Our Estate Planning practice focuses on Life Planning techniques to help our clients prepare for each aspect of their lives. Estate planning is continuous. It changes as your life and needs change. At FL Trusts & Estates Law Firm, we listen, educate, counsel and work with each client to develop a plan that meets their specific goals in life; whether it's planning for their family, incapacity planning, preparing for retirement, to minimize taxes, create or continue a legacy, or ultimately pass on their assets to the next generation. Our life planning techniques incorporate basic estate planning tools such as Last Wills & Testaments, Trusts, Health Care Directives, and Agency Agreements such as Powers of Attorneys.
In addition, we counsel our clients on advance estate planning techniques using tools such as Qualified Personal Residence Trusts (QPRT), Irrevocable Life Insurance Trusts, Special Needs Trusts, and Family Limited Partnerships to help minimize estate taxes, protect and preserve assets and ultimately transfer the assets to their loved ones.
We provide estate planning services to both traditional and non-traditional families.
One of the most basic instruments in estate planning is a Last Will and Testament. A Will provides for the disposition of one's property after death, it nominates a personal representative and provides instructions for the personal representative for estate administration. Each estate plan is unique. Therefore, a will can be simple or it can be complex. However, a will may not be the most effective way to dispose of your assets. If you have minor children, loved ones with special needs or your estate may be subject to estate taxes, you may need more advance estate planning that incorporates other estate planning tools such as trusts agreements.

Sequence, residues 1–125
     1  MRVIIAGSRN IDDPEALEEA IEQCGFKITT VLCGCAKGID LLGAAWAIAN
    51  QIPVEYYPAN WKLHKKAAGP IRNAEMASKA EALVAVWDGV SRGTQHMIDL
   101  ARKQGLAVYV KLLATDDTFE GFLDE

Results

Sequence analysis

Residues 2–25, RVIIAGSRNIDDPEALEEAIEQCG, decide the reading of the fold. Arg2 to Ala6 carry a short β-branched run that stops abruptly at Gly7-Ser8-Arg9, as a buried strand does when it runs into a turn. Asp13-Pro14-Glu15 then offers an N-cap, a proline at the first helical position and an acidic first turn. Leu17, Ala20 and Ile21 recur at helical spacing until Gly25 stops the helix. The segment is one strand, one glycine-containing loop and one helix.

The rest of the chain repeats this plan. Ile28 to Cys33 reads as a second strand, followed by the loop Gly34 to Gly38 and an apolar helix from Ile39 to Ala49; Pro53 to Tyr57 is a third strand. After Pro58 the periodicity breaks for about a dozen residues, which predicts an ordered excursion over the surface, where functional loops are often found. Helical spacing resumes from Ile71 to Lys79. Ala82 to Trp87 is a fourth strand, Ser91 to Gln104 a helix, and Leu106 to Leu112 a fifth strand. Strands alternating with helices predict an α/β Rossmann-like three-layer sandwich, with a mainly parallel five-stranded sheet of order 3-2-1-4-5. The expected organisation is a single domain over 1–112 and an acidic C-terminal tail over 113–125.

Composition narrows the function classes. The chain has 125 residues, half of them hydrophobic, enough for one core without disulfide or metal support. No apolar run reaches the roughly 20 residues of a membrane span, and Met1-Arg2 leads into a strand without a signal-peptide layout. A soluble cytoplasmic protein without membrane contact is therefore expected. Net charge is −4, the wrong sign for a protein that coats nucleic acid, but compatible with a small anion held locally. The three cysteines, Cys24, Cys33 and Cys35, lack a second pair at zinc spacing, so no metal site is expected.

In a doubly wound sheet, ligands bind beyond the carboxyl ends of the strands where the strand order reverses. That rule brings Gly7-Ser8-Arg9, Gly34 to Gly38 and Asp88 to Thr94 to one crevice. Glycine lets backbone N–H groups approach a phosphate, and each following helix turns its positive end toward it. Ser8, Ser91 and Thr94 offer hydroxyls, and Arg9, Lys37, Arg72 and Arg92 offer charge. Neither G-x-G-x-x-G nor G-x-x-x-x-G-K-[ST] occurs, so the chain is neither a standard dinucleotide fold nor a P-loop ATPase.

A Power of Attorney is a legal agency agreement in which you (the principal) appoint a third party (an Agent) to act on your behalf. The Principal may convey broad, narrow, limited or specific powers to the Agent. In Florida, a durable power of attorney will allow your agent to continue acting on your behalf in the event you become incapacitated. If drafted properly, a durable power of attorney can help to avoid formal legal guardianship proceedings, allow your agent to transact business and transfer property on your behalf, prepare advance estate planning documents, such as a trust, and other transactions such as manage your financial affairs, your digital assets and file claims on your behalf. It is advisable to update your power of attorney periodically because banks and financial institutions may hesitate to honor documents that have not been updated.
A Trust Agreement is an instrument created by an individual (the Settlor or Grantor) with specific directions to another, (the Trustee) regarding the management and distribution of assets during life and after death, to a beneficiary or beneficiaries. Trust Agreements are used for different purposes. The Revocable Living Trust is one of the most popular trusts used in estate planning. It can be used to manage assets during incapacity, hold and manage funds for minor children, heirs or individuals with special needs, protect inheritance, convey gifts, or reduce or eliminate estate taxes. Many clients use a trust agreement to avoid probate administration. Whether your estate requires probate administration depends on each person’s circumstances, assets, debt obligation, and family dynamics. Trust agreements are also used for more advance estate planning such as irrevocable trusts for asset protection and minimizing federal estate taxes, or a special needs trust for individuals with special needs and for Medicaid planning.
Health Care Directives are documents that specify the type of medical care you would want in the event you are unable to communicate your wishes, and appoints an agent to act on your behalf. These Directives includes: Designation of Health Care Surrogate, Living Wills, and DNR (Do Not Resuscitate) orders.